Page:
Tofu Ricotta and Spinach Stuffed Shells with a Summer Vegetable Bolognese


I wanted to start off with a delicious recipe that I cobbled together from several others.  Tofu ricotta stuffed shells are pretty commonly seen and I just tweaked the filling a little bit here for my taste.  The sauce really makes this dish for me. It is a take off of what is actually supposed to be the filling from a recipe in a wonderful cookbook of April Bloomfield’s A Girl and Her Greens. I really enjoy this book but my goodness the woman loves cream and butter.  Not so great for someone trying to cut back on those things!  So I decided to flip the filling into a sauce, kick out the cream and here we go!

Serves 6-8 as a main course.  Takes about 2.5 hours to complete whole recipe.


1 box of jumbo shell pasta

3 10.5 ounce packages of cherry tomatoes

1 28 ounce can whole peeled plum tomatoes

2 ears corn

1/2 zuchinni

1/2 yellow squash

1 red onion

4 handfuls of basil

4 teaspoons kosher salt (or whatever salt you prefer)

2 pinches of ground pepper

6 cups raw spinach (divided into 2 cups and 4 cups, finely chopped)

1-4 tablespoons of crushed red pepper (per your taste, I am addicted to red pepper!)

8 cloves garlic

1/2 cup olive oil (EVOO)

2 14 ounce packages of firm or extra firm tofu

3 tablespoons nutritional yeast

Juice from 1/2 lemon

1 tablespoon dried oregano

Parmesan cheese for grating on top (if desired, can leave out)


Place a large pot of water to boil on the stove.  While heating up take all of your cherry tomatoes and cut a small slice into their outer skin with a sharp knife.  Don’t slice all the way into their centers.

Next, fill an bowl with ice water and place it next to your pot of boiling water.  Place all your cherry tomatoes in the boiling water for about 30 seconds.  Use a slotted spoon to transfer them to the ice bath after this time.  The skins should be easy to remove at this point, so take your time and peel off all the skins.  This is time consuming for all these little tomatoes; it will take about 30 minutes to just prep your tomatoes!  All this while, leave your water boiling.


  At this point, set your meticulously peeled tomatoes aside for later.  While peeling tomatoes or after, cook your pasta.  Don’t cook it to mush, cook for about 8-9 minutes until al dente then take out and rinse in cold water to stop the cooking process.  After rinsing, place shells on paper towels upside down to get all the water out of them.  You may lose some to breakage (I lose about a half dozen).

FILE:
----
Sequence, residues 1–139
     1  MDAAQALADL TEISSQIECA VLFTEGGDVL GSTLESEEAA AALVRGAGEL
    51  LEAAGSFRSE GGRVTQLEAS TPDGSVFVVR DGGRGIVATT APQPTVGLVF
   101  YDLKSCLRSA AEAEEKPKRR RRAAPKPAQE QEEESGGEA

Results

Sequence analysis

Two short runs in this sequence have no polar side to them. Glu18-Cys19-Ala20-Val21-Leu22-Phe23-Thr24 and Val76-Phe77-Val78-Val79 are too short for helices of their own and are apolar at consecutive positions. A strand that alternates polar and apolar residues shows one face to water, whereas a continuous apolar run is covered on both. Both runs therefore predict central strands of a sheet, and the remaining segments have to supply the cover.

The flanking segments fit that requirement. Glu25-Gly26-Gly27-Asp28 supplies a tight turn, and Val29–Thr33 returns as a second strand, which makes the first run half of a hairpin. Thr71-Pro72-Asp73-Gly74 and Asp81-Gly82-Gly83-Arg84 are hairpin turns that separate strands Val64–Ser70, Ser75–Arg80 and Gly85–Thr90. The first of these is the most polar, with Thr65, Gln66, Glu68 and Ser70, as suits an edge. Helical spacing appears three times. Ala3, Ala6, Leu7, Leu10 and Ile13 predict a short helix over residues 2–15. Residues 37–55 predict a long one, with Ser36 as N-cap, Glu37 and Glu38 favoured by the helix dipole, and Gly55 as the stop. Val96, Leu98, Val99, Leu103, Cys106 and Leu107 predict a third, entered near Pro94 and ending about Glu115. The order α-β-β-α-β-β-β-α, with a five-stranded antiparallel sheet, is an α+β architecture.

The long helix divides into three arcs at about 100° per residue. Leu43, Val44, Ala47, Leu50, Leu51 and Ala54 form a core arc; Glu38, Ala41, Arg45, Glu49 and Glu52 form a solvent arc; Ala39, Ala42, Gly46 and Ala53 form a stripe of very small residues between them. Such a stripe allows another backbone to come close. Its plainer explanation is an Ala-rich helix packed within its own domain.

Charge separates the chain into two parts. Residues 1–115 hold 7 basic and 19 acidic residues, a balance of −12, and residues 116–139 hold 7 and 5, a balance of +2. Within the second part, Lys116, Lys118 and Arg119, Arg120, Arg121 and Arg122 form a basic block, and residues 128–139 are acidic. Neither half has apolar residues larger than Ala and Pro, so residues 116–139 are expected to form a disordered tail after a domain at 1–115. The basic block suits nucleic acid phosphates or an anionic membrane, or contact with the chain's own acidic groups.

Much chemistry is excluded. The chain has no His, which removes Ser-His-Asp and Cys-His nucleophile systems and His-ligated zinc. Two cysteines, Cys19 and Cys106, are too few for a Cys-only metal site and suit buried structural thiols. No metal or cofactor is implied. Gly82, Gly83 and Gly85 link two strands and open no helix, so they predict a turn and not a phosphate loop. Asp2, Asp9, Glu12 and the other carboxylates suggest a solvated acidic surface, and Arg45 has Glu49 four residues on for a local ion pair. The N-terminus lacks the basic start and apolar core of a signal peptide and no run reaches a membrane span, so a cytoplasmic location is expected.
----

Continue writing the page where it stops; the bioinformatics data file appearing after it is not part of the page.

Time to start prepping the sauce.  You will use the same large pot to cook it in.  Chop up 4 cloves of garlic and the red onion.  Warm up 1/4 cup of olive oil in the pot until glistening on medium heat.  Add the red onion to the pot with a big pinch of salt.  Cook for about 6 minutes, do not burn the onions.  At this time, add the garlic to the pot.  You want to try and gently brown the garlic by itself, so push the onions to the side and cook the garlic in the oil for a minute or two.  When turning golden, mix all together, turn heat down to medium-low, and cover for 6-8 minutes.  Stir occasionally.  While this is cooking along, chop up a handful of basil.  Add to the mix while cooking and keep stirring.  Then chop up 2 cups of spinach and add it to the pot as well. All told keep it going for about another 10 minutes. The onions will really soften up and get a nice light brown color for you.


  Now you have a nice base for your sauce.  This next part will all be uncovered cooking. Time to add in your tomatoes.  Add all the fresh peeled cherry tomatoes first.  I let them simmer a little on medium heat for 5-10 minutes or so and then you need to go in and mash them up.  I use a potato masher for this.  You can use a whisk if you don’t have one, it will do with a little more effort.  If you have somebody who likes to break or smash things now is their time to shine (I call in my hubby Rob for these duties).  Keep on at it with simmering and mashing until they are all broken down into sauce consistency.  At this point, add another large pinch of salt, some pepper, another handful of chopped basil, and I add a good 2 tablespoons of crushed red pepper to spice it up.  (Less if you don’t like spice!)  While you are between smashing and stirring, you need to chop your other veg.  I do a small chop on the zuchinni and squash and I take my corn off the cob by placing it into a large bowl as shown below, so it doesn’t go flying all over the place. You will have some time during this period to also make your tofu ricotta, see below.